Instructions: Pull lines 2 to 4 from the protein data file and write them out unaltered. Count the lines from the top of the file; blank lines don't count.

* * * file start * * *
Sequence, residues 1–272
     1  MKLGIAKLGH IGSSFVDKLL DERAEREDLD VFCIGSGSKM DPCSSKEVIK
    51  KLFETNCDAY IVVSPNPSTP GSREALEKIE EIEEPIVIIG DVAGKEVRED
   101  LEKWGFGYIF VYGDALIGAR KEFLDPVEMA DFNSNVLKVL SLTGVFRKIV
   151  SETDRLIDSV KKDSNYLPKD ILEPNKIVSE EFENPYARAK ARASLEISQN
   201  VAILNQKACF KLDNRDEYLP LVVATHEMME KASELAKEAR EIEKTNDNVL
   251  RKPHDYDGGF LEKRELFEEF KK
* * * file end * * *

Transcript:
     1  MKLGIAKLGH IGSSFVDKLL DERAEREDLD VFCIGSGSKM DPCSSKEVIK
    51  KLFETNCDAY IVVSPNPSTP GSREALEKIE EIEEPIVIIG DVAGKEVRED
   101  LEKWGFGYIF VYGDALIGAR KEFLDPVEMA DFNSNVLKVL SLTGVFRKIV